Spot otters on Florida clear-kayak adventure

- Sarah Sekula JUSTIN BUZZI

APOPKA, Fla. — It’s a warm Thursday morning in June as cicadas belt out their summer anthem, woodpecker­s tattoo the trees and frogs join forces in what can only be considered a welcome chorus.

The cacophony of sounds surroundin­g us combined with the swiftly moving 70-degree water – which, in some spots, looks quite turquoise – triggers an instant calming effect. As our paddles slice through the water, I have high hopes of spotting otters today.

Kayaking down a narrow canal, we set out for Emerald Cut, Bonsai Bend and a place that one of the guides has dubbed Jurassic Park. As the names indicate, these are all scenic spots worth exploring at Rock Springs Run State Reserve. Leave the crowds behind by retreating to Florida’s Rock Springs Run State Reserve.

As I drag my fingers over the surface of the water, it hits me: this is the exact opposite of my previous day spent riding roller coasters at a local theme park. Located about 40 minutes from Orlando, these natural, free-flowing springs are a welcome respite for the themepark weary.

And because the water is so stunning, a clear kayak is one of the best ways to explore. It acts as a gigantic magnifying glass and makes for a fun way to catch a glimpse of otters and fish as they swim by.

But don’t forget to glance at the surroundin­g forest where it’s not uncommon to spot deer, herons and egrets and the occasional black bear.

“If you’re lucky, you’ll see three or four otters swimming together alongside or even under the kayak,” says Justin Buzzi, owner of Get up and Go Kayaking and one of my guides for the day. “One time I was out here, and I actually had a family of otters follow me the entire tour which was about two hours. And they swam about 5 to 10 feet behind me the whole time, just enjoying the wake I was putting off behind.”

In the summertime, it’s also common to see deer throughout the day.

“When the temperatur­es rise, they like to get a refreshing drink or swim in the cool springs,” Buzzi says.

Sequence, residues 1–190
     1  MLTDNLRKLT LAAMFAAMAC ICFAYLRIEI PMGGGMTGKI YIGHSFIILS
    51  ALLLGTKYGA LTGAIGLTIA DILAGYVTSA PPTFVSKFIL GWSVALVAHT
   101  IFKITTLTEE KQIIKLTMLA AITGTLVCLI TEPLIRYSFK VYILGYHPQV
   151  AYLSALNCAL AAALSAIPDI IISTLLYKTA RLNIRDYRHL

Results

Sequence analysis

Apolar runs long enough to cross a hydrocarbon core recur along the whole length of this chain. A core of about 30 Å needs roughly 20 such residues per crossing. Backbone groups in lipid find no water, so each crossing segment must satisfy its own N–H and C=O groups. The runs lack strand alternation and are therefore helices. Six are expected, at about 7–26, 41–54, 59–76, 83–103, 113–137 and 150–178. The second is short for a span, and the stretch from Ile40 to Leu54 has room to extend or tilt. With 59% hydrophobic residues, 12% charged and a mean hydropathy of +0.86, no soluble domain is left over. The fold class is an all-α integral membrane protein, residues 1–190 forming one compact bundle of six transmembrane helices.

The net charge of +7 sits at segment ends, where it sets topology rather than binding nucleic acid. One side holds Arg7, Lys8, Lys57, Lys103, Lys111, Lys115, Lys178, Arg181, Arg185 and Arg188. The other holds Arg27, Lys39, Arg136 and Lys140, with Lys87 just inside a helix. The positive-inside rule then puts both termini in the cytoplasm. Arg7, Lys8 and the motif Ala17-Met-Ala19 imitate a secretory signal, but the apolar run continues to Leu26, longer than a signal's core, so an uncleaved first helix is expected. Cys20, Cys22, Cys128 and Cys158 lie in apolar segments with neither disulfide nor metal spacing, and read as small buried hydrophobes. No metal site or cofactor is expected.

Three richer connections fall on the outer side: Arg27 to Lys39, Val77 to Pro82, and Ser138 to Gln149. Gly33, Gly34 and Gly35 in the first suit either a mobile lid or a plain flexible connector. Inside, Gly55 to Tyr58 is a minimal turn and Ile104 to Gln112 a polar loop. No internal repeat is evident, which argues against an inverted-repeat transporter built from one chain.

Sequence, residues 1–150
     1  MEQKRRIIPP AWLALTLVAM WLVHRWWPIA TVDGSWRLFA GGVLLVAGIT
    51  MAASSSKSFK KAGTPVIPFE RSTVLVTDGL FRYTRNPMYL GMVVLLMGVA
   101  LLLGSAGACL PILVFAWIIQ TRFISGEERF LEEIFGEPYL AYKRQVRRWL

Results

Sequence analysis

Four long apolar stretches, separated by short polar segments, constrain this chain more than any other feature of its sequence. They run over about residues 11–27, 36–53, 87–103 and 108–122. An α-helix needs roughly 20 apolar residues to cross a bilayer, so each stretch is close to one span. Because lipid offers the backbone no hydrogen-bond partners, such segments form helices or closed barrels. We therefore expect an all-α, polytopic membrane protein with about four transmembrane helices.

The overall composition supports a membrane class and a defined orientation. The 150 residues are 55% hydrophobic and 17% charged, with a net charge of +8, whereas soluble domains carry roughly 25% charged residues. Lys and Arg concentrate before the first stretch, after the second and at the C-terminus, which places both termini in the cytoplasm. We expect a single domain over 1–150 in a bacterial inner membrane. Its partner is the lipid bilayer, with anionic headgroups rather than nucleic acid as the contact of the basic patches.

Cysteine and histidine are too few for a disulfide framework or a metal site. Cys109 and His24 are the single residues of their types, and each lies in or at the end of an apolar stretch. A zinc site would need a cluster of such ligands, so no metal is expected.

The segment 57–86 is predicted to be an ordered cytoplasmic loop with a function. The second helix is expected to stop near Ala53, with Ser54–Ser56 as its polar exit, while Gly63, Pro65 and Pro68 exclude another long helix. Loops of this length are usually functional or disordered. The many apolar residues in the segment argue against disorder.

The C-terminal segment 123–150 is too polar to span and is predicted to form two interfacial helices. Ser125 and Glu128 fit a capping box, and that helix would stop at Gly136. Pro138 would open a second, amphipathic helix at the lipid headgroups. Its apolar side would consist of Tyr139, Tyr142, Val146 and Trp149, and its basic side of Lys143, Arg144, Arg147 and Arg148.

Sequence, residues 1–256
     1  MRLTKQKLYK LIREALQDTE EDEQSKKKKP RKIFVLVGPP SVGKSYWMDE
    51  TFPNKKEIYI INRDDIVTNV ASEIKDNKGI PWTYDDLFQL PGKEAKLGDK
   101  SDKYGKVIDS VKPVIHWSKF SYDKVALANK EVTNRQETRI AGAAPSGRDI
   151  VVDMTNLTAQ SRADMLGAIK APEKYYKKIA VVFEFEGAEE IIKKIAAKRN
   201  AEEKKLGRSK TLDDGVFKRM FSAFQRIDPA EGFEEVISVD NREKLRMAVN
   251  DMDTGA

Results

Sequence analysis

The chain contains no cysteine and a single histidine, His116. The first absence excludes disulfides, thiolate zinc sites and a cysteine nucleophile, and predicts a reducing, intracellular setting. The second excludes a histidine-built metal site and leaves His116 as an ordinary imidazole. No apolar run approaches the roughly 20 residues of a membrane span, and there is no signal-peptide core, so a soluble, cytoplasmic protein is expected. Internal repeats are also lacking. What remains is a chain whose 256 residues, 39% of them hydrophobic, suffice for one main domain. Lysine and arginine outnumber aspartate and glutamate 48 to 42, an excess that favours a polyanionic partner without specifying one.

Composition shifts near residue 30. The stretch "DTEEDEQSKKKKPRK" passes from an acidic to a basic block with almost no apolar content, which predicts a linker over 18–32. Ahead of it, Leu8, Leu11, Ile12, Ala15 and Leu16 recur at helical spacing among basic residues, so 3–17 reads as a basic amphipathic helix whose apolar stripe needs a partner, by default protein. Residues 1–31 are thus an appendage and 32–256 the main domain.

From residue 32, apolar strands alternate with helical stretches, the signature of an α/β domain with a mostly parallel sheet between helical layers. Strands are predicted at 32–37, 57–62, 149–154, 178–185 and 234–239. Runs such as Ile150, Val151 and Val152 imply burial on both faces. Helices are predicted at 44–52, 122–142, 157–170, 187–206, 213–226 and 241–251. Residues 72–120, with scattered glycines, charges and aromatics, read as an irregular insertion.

By now, we’re at the entry point to Rock Springs Run, where a rope swing hangs from a massive oak tree and the water becomes a lot more clear.

As we paddle along, Buzzi and sidekick Austin Stoner fill me in on the natural surroundin­gs and give me tips on paddling. It’s all upstream at first, so it makes for a great workout.

It’s not too long before we find a kayaker who is quite giddy; he’s just spotted otters up ahead, “right past the 90-degree bend.”

We’re all on high alert, even though there are lots of 90-degree bends out here. Since I’m in the front seat of the kayak with Buzzi, I dub myself the chief otter spotter.

And soon we do, indeed, come across a splish-splash to the right near some lily pads that could very well be otter-generated. We quietly inch a bit closer, but no dice. Said otter has left the premises.

In lieu of otters, we snap photos of Bonsai Bend, where a majestic oak curves just above the water. Stoner amuses himself by climbing to a platform at Jacob’s Island and cannon ball into the water below – twice.

“We do see a few gators on our tour out here,” Buzzi says. “I think a lot of people have a misconcept­ion that gators are just going to approach them and that’s not the case out here. Often, when we do see them, they are on the shoreline trying to get some sun.”

As the rain clouds roll in, we quickly paddle back to our starting point. The breeze picks up and the sky darkens, making the tree canopy overhead and surroundin­g forest look rather foreboding. But it’s eerily majestic and I love it.

A day at the springs is proof that the central Florida area is much more than just roller coasters and Disney princesses. (The best part: This isn’t the only natural spring in Florida. There are many scattered throughout the Sunshine State.)

“When I’m done paddling out here or swimming in the waterway, I feel rejuvenate­d,” Buzzi says.

For more informatio­n, visit getup andgokayak­ or call (407)-2127306.

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